This section is from the book "The Professed Cook: Or, The Modern Art Of Cookery, Pastry, And Confectionary", by B. Clermont. Also available from Amazon: The professed cook.
Marmalade of Apples and Pears. Peel Golden Pippins, and cut them into thin slices; boil them in a little Water till very tender, and sift in a Sieve; put the Marmalade on the Fire to reduce the liquid; then add as much weight of Sugar d la grande Plume, simmer a little while on a slow Fire, stirring continually, to incorporate it with the Sugar; pour it into the Pot, and let it cool very well before covering. - That of Pears is done the same.
This is mostly made with China Oranges: Cut each into quarters, and squeeze out the Juice; take off the hard parts at both ends, and boil in Water until they are quite tender; squeeze them to extract the Water, and pound them in the Mortar to a Marmalade to sift; mix it with an equal weight of raw Sugar, and boil till it turns to a Syrup: The proportions are, for keeping, two pounds of Sugar to one pound of Marmalade.
Of Plumbs. Stone them, and boil a moment with a little Water; sift as the former; soak the Marmalade a little while on the Fire, and then mix it with as much Sugar au Casse, (twelfth Degree) and finish as before.
Peel and stone them, and pound the Kernels sepa-rate; boil the Apricots on a clear Fire, with a little Water, and three quarters of a pound, or a pound of Sugar to each pound of Fruit; (this is to be judged of according to their ripeness) bruise them in the boiling with a wooden Spoon, and boil till it sticks to the fingers pretty hard, by joining two together; then take it off the Fire to put into Pots, adding the Kernels to it a moment before. - It is also done by boiling the Apricots to a Marmalade alone, and mixing with an equal weight of Sugar au Casse; boil a moment to mix together, and finish as the first.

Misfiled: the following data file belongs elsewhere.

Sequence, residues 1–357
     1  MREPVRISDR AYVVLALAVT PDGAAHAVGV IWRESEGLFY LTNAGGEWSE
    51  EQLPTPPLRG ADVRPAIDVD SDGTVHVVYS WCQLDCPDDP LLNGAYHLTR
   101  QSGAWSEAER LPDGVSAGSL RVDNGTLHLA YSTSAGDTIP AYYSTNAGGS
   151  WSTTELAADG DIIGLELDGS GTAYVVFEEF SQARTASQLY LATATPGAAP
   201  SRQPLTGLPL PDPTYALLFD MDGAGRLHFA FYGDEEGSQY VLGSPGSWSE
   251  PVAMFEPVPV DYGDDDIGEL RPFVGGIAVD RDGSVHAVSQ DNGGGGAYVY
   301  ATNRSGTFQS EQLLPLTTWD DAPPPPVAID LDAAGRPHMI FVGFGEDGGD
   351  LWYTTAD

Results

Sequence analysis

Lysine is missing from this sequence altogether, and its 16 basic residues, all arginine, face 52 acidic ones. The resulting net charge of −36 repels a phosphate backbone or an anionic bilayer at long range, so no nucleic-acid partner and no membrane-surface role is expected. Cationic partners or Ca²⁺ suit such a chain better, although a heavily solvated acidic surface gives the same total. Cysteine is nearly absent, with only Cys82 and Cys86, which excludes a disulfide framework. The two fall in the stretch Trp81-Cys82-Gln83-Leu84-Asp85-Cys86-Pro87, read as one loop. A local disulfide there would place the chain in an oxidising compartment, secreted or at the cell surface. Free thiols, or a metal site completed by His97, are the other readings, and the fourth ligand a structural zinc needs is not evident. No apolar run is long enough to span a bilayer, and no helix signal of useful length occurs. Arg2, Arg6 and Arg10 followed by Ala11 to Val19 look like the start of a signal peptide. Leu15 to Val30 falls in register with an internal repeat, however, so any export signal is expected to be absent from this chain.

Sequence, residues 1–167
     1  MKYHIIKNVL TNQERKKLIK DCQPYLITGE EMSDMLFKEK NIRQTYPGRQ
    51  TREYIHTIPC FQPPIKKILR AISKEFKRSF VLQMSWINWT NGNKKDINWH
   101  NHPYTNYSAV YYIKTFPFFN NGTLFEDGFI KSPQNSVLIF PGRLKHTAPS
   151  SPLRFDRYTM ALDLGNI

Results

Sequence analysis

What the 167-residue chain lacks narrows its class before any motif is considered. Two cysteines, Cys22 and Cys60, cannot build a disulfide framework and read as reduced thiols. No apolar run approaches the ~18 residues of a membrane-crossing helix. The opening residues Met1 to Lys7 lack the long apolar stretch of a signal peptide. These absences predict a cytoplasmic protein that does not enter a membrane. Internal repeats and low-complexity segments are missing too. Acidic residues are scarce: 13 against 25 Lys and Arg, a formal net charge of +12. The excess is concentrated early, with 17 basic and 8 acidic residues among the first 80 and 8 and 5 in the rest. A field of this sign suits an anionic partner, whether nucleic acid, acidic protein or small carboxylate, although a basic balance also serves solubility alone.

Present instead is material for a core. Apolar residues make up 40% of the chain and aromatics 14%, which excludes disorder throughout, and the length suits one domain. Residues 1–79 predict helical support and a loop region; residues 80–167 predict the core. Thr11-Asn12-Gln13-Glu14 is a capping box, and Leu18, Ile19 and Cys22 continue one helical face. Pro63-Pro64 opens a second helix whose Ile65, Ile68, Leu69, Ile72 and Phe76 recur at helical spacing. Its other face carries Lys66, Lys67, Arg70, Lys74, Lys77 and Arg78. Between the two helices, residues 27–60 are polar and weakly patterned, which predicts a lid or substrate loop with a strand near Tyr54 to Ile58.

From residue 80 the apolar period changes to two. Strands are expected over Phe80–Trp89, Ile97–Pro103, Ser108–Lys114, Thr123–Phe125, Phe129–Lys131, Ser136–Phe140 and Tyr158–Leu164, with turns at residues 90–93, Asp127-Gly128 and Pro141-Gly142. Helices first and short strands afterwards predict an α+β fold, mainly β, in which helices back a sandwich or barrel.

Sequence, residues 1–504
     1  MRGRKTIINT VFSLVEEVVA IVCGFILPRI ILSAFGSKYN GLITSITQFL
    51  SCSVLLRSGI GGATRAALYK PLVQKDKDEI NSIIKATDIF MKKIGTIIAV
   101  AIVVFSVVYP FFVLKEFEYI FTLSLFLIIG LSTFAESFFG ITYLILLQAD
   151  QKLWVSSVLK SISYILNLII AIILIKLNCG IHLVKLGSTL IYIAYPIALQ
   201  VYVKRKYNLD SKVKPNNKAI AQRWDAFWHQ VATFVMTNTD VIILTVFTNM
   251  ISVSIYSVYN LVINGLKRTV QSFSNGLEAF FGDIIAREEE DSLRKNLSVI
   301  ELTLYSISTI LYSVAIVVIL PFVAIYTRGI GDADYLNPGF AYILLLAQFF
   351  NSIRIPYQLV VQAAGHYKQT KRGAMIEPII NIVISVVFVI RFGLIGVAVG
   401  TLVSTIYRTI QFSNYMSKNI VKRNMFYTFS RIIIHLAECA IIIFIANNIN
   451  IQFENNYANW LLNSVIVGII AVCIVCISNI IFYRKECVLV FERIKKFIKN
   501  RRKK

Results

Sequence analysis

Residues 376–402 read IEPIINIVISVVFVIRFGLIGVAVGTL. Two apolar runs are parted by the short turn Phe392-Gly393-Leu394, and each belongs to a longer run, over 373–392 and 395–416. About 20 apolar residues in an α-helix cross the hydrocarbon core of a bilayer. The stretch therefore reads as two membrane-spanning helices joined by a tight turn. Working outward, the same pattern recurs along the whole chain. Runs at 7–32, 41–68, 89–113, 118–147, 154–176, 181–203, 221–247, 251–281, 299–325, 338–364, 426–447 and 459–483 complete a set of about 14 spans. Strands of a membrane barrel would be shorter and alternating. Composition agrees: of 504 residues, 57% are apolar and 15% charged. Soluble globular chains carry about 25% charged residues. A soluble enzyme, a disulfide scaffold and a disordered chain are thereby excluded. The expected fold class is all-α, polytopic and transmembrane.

When properly picked, scald them a moment, and put them in Water which has been warmed, and a little Allum dissolved therein; boil some other Water, with a good Lemon Squeeze in it, and put the flowers in it a few minutes till they feel tender; sift them from this Water, and put them into fresh, with a Lemon Squeeze also; then drain them in a Napkin to pound, and mix them with Sugar, prepared au petit Lisse, (first Degree) after clarification; pour them gently to mix the better without boiling; the proportion is five pound of Sugar to two of Orange Marmalade; finish as usual.
Trim the Tails, stone them, and boil with the proportion of half a pound of Sugar, (grande Plume) to a pound of Cherries, boil till it comes to a good consistence.
Bruise and sift them through a Sieve; reduce to half on the Fire, then mix them with half a pound of Sugar, as the last, to a pound of Fruit.
Boil them a moment, or only scald them in boiling Water; sift, and finish by the same proportion as the Rasberries.
Pick them very well, and pound them quite to a Juice; mix them with Sugar prepared as before: The proportion is five pounds of Sugar to one of Violets.
Rub the Down off either Almonds or Apricots, and boil them in Water till very tender; sift as usual, and reduce to about half on the Fire; mix an equal weight of Sugar (au Casse) without boiling, and finish as all others.
De Coigns: Of Quinces. Sift as most others, and mix in the proportion of five pounds of Sugar to four of Quinces: If you would have it red, mix Cochineal with it.